The DCIM maturity model: An important step to data centre efficiency and added value
Wed 1 Apr 2020
It has never been more important to know the maturity of your DCIM solution
Data centres are becoming more complex as the need for HPC (high performance computing), data bandwidth and latency outstrip the capabilities of legacy facilities. It is not simply customers generating more information throughput across the infrastructure.
The ability to collect actionable data, analyse and predict outcomes within the technical spaces provides one of the largest opportunities to eliminate energy wastage (up to 50% reduction in cooling energy costs), reduce CO2 emissions and reduce downtime risk. Data’s strategic importance to organisations has placed new pressures on technology networks to work to their optimum performance levels.
Data centre equipment moves or device additions alter the balance of power, cooling, space and connectivity and these have a knock-on effect on the capabilities of the technical space. Without knowing the actual or possible outcomes of change, how can we manage the development of the data centre on an ongoing basis?
Data Centre Infrastructure Management (DCIM) systems have improved considerably over the past few years and now provide the information to not only keep track of physical and environmental changes, but also to generate a live model for the data centre that delivers maximum value to the organisation.
Today’s DCIM offers a host of advantages to the organisations, including real-time actionable information about assets, power usage, cooling, connectivity, rack security, cabling, bandwidth and power delivery. Although DCIM systems vary widely and are available as modular software applications or as appliances, they collect standardised information from connected infrastructure resources and present a comprehensive range of information to administrators using GUIs.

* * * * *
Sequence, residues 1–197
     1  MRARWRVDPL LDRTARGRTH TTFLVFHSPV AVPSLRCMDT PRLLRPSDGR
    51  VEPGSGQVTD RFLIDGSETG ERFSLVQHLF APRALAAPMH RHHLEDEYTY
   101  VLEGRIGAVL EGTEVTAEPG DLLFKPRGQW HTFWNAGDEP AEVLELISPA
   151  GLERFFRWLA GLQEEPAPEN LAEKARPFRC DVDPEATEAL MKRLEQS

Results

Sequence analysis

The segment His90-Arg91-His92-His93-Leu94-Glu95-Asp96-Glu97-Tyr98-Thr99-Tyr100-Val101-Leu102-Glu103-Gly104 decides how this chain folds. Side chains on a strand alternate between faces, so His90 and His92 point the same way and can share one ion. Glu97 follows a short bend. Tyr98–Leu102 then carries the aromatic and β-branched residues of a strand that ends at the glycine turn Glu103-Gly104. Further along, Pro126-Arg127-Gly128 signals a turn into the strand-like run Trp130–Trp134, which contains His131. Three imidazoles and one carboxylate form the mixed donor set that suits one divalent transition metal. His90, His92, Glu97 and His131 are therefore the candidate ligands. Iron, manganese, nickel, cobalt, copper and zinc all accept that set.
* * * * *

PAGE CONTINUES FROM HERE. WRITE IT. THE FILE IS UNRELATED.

Information is a crucial element to enable effective action. It is essential that a DCIM solution should be paired with intelligent hardware so that the data centre infrastructure can be monitored and controlled to deliver optimal performance. The interaction between a DCIM solution and a thermal management system, in particular, can yield significant financial and CO2 emissions reduction.
Different equipment will have different thermal characteristics. So it’s important that a thermal management system and corresponding DCIM solution recognise those characteristics e.g. the way that Cisco switches operate. With detailed information data centre administrators can optimally place equipment, such as in-cabinet ducting, blanking panels and shades, as well as cool boots, to contain and direct airflow to increase efficiency.
Another example is, the ability of a DCIM solution to track connectivity ports and recognise whether they are in use helping to increase data centre’s flexibility and expandability. Knowledge of port location and availability enables the administrator to quickly and efficiently deploy assets such as servers and storage devices.
Understand the maturity levels with the data centre
DCIM system relies on a wide range of actionable information, starting with the most basic up to highly detailed data that enables a high degree of control. A process we use with all clients and has provided excellent results is ‘The Maturity Model’ which allows users to understand their infrastructure – and how to manage it. Our Maturity Model consists of three defined levels: